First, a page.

Because in recent years sustainability has become a buzzword in Hawaii as elsewhere, perhaps this year our lawmakers and bureaucrats will finally recognize they have been ignoring one of Hawaii’s greatest sustainable assets – recreational boating.
Historically, the state, in partnership with the Army Corps of Engineers, invested millions of dollars constructing numerous “small boat harbors” for recreational boaters and subsistence fishermen in the years following WW II. But those facilities were basic at best, and some became waterfront slums at worst.
To its credit, the Department of Land and Natural Resources has been slowly replacing many of its most derelict docks. But missing nearly completely are the types of shore-side businesses found near marinas from Maine to California that provide marine services as well as help to defray marina maintenance costs.
One obvious example of Hawaii’s inability to promote such shore-side businesses is the stark empty lot adjacent to the Ala Wai Boat Harbor where a boat repair yard had been thriving until about seven years ago. It and a fuel dock on another property were to be replaced by a private developer, however its rather grandiose plans fell through due to a lack of funding.
It has been clearly documented nation-wide that well-planned marinas offer a number of significant benefits to the local community, which include business and job opportunities, and as importantly, generate General Excise Tax revenues for the state.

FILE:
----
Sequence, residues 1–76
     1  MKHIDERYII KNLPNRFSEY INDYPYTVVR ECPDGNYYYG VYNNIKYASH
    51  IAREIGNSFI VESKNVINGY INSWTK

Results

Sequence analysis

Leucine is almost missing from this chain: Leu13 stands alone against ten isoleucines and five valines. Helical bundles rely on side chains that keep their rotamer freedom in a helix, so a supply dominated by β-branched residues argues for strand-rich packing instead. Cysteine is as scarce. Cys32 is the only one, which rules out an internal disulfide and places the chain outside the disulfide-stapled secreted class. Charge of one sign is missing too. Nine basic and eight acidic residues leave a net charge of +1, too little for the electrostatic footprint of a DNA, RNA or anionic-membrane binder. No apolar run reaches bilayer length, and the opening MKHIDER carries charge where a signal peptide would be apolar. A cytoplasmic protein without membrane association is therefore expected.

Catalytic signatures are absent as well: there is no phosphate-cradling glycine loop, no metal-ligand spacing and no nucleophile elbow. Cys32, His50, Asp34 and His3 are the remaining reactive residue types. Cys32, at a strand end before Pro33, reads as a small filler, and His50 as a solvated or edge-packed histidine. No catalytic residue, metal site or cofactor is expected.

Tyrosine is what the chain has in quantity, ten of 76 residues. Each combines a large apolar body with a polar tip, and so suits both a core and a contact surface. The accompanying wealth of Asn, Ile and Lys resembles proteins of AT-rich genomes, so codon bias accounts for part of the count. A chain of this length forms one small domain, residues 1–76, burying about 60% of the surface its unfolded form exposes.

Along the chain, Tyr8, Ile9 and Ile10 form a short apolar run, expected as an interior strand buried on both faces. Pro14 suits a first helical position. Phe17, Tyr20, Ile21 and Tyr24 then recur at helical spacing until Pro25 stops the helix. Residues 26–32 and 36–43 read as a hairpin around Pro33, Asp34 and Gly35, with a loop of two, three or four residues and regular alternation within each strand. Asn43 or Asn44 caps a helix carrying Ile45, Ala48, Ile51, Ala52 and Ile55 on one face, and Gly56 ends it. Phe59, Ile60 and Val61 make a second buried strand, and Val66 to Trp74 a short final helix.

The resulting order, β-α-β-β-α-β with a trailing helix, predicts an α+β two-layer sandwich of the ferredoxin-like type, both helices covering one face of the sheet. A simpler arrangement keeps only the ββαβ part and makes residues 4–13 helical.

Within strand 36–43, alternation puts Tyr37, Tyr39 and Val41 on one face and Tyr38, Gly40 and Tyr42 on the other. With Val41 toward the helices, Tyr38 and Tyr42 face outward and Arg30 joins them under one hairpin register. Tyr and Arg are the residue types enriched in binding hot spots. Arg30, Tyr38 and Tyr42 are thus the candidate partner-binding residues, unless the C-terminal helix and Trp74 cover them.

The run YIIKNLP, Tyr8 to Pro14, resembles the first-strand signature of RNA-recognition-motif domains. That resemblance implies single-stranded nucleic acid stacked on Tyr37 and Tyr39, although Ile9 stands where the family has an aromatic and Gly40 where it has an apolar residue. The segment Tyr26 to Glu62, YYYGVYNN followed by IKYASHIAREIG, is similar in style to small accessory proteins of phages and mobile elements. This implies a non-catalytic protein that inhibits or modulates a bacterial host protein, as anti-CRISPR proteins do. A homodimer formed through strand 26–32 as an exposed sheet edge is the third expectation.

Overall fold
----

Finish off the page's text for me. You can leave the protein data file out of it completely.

“From increased tax revenues, to job creation, to added business at nearby restaurants, shops and attractions,” one report noted, “there are few aspects of the economy that don’t benefit from the presence of a successful marina.”
The same report pointed out that in the U.S., studies indicate that, on average, marinas generate about one-third of a job per slip or berth. That would equate to the creation of some 230 jobs in an Ala Wai-sized marina if it were run “successfully.”
Even outside the United States, governments in countries such as Mexico, Costa Rica and Panama have recognized recreational boating’s huge economic potential and have been expanding their boating infrastructures accordingly.
As some of Hawaii’s traditional revenue sources and employers like sugarcane and pineapple production disappear, and the visitor industry ebbs and flows with the world’s economic currents, perhaps an invigorated recreational boating industry could fill in some of the gaps.